Aaron Jones is out. Kylin Hill is out (somehow, the industry isn’t talking about this). Patrick Taylor is the only other running back on the active roster currently, with Ryquell Armstead and Kerrith Whyte currently the only running backs on the practice squad. This. Is. Dillon’s. Backfield. The matchup against the Vikings yields an absolutely elite 4.725 net-adjusted line yards against the team ranked dead last in the NFL in the metric. The Packers’ high marks have also come with a piecemealed offensive line that has seen its fair share of injuries and change this season. Not much else to say with this one, to be honest.

The passing game sees a slew of injuries to regular contributors, as Allen Lazard and Malik Taylor have yet to practice this week. Lazard split the WR2 role with Marquez Valdes-Scantling in the two games without Robert Tonyan, so his absence would be of particular importance considering the necessary shift to heavier 11-personnel alignments seen over the previous two games. Davante Adams remains the alpha and the omega of this pass-catching corps, and would likely be counted on even more should Lazard miss as their route trees and responsibilities overlap a good bit. There are very few players in the NFL that can realistically approach 15-20 targets in a single game (well, other than Najee Harris lolz), and Davante Adams is one of them. The tight end unit has devolved into a three-headed blocking unit made up of veteran Marcedes Lewis, Josiah Deguara, and Tyler Davis. The Vikings do an excellent job of limiting completions against, ranking fourth in the league in completion rate allowed at just 61.56%, but they don’t play Davante Adams every week, and they allow a well below average 10.9 yards per completion on the season.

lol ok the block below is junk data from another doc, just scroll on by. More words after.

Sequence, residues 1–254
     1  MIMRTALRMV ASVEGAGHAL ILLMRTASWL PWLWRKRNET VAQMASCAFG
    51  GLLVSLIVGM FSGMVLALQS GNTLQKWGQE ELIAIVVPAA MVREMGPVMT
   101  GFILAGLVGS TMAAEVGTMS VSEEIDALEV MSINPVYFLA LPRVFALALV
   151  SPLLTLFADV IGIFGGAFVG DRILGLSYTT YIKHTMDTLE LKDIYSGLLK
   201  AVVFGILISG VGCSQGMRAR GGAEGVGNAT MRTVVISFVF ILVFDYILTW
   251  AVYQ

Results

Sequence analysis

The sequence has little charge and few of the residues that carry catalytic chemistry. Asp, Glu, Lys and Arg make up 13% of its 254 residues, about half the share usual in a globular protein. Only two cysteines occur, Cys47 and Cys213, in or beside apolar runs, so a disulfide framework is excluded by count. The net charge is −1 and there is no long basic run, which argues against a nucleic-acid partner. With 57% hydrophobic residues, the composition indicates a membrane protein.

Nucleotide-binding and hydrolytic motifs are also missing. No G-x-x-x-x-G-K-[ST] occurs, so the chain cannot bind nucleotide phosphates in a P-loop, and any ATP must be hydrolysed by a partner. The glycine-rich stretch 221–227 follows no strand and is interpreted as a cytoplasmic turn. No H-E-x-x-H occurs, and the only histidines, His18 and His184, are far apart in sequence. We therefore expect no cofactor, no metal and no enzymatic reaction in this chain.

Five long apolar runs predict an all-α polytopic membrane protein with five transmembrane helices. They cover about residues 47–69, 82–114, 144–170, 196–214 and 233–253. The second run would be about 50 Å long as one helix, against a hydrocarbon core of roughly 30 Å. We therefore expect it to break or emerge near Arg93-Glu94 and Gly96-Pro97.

How Minnesota Will Try To Win ::